29 Alan Robock Department of Environmental Sciences Nuclear Winter Analogs Seasonal cycle Diurnal cycle (day and night) Firestorm: 1906 San Francisco earthquake Fires: World War II firestorms Dresden, Hamburg, Darmstadt, Tokyo (“conventional” bombs) Hiroshima, Nagasaki (nuclear bombs) Smoke and dust transport, Surface temperature effects Martian dust storms Asteroid impact  dinosaur extinction Forest fires Saharan dust Volcanic eruptions

30 Alan Robock Department of Environmental Sciences Within an hour after the earthquake shock the smoke of San Francisco’s burning was a lurid tower visible a hundred miles away. And for three days and nights this lurid tower swayed in the sky, reddening the sun, darkening the day, and filling the land with smoke.... I watched the vast conflagration from out on the bay. It was dead calm. Not a flicker of wind stirred. Yet from every side wind was pouring in upon the doomed city. East, west, north, and south, strong winds were blowing upon the doomed city. The heated air rising made an enormous suck. Thus did the fire of itself build its own colossal chimney through the atmosphere. Day and night this dead calm continued, and yet, near the flames, the wind was often half a gale, so mighty was the suck. THE STORY OF AN EYEWITNESS By Jack London Collier's, the National Weekly May 5, 1906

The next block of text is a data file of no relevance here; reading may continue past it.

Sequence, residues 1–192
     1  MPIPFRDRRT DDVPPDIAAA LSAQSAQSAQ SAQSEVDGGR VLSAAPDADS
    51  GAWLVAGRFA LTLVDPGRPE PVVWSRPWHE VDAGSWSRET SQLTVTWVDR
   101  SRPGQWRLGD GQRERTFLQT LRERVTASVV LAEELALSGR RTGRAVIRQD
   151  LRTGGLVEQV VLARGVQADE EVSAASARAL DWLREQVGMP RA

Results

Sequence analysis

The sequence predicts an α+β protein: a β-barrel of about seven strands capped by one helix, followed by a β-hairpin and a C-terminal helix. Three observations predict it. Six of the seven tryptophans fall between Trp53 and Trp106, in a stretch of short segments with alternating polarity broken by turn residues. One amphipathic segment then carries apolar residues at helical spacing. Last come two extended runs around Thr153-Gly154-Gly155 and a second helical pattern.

31 Alan Robock Department of Environmental Sciences This photograph, taken from a tethered balloon five weeks after the great earthquake of April 18, 1906, shows the devastation brought on the city of San Francisco by the quake and subsequent fire. (photo courtesy of Harry Myers)

32 Alan Robock Department of Environmental Sciences Martian Global Surveyor

33 Alan Robock Department of Environmental Sciences “The Scream” Edvard Munch Painted in 1893 based on Munch’s memory of the brilliant sunsets following the 1883 Krakatau eruption.


Download ppt "Climatic Consequences of Nuclear Conflict Alan Robock Department of Environmental Sciences Rutgers University, New Brunswick, New Jersey USA"

Similar presentations


Ads by Google